In winter, many people blanket their horses, but blanketing can affect the amount of hay the horse consumes. Blanketing is controversial, especially in Texas as in most of Texas our winters are not really that cold, and blanketing can also have some unwanted side effects such as skin disease or overheating in some horses.
A recent study performed in Wisconsin by Dr. Michelle Deboer found that blanketed horses ate 8% less free choice hay than unblanketed horses and yet maintained normal body condition. The Horse publication reported that the researchers blanketed eight adult horses in a dry outdoor paddock in Wisconsin from December to January during which they did not blanket eight other horses in an adjacent paddock. Each group of horses had identical free choice hay. The researchers found that the blanketed horses’ weight and body condition remained the same but the horses with blankets ate less than horses without blankets and the difference was about 2 pounds of hay per day. So, horses voluntarily reduce hay intake when blanketed but this does not cause weight loss as the horses use less energy to keep warm and could even gain weight. Blankets can hide an individual’s body condition so you want to make sure the horse is not gaining or losing weight under the blanket. This study shows you could save a little money on hay but that would likely be offset by buying and maintaining a blanket.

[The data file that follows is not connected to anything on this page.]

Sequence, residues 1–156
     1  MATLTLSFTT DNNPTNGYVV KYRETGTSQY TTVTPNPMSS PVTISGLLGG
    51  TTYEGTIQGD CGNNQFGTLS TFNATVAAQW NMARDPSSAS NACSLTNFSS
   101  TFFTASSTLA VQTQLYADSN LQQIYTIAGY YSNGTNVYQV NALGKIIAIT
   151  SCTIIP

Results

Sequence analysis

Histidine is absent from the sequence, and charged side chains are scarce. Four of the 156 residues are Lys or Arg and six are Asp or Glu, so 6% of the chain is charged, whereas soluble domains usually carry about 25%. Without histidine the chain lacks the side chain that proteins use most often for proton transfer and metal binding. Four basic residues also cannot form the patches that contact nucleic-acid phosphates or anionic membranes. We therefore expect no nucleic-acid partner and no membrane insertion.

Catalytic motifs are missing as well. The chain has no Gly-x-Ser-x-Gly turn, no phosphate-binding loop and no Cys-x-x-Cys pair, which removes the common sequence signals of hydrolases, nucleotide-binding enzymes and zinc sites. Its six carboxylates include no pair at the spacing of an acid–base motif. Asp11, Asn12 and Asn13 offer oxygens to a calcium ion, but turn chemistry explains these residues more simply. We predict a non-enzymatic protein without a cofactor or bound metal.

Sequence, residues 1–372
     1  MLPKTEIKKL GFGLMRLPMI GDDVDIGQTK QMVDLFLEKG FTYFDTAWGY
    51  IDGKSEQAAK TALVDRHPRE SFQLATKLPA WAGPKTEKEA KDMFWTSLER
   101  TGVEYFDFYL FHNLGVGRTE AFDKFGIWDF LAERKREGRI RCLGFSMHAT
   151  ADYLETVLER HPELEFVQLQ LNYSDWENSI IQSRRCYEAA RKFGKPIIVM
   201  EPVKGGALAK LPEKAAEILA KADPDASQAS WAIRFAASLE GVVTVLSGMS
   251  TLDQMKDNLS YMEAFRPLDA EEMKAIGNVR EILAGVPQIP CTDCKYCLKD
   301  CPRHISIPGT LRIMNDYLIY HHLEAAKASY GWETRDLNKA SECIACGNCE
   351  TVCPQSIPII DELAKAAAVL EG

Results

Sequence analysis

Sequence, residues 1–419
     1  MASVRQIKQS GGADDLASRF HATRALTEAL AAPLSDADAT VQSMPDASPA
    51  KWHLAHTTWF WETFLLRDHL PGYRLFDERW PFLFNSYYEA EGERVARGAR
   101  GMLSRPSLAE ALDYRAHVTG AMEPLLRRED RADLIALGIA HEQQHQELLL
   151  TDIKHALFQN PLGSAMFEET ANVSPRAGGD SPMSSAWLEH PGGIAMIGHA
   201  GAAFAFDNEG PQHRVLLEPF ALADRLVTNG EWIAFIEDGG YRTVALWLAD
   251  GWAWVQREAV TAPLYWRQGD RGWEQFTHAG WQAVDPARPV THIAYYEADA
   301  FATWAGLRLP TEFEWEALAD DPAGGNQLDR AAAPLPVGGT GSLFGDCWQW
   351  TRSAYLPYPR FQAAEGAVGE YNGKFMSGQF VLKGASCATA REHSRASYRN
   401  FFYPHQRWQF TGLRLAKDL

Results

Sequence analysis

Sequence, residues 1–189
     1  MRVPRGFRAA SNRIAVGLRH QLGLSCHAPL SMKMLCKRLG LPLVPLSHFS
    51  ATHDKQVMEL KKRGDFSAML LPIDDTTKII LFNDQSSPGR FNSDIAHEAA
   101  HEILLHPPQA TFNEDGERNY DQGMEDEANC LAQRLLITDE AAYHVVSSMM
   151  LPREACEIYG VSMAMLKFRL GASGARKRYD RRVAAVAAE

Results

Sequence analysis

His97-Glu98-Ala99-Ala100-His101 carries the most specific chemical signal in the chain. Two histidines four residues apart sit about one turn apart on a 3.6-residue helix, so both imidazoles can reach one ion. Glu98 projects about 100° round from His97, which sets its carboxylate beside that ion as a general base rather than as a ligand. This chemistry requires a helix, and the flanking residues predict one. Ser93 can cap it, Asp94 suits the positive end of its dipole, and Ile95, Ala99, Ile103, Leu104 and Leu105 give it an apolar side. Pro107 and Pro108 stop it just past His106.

I believe a blanket is not needed unless the temperature is freezing or lower or there is freezing rain. Then when the weather warms up, get the blanket off and allow the horses to get acclimated to the outside temperature. Realize this study was performed in Wisconsin and eight of these horses lived all winter without blankets with no health issues.
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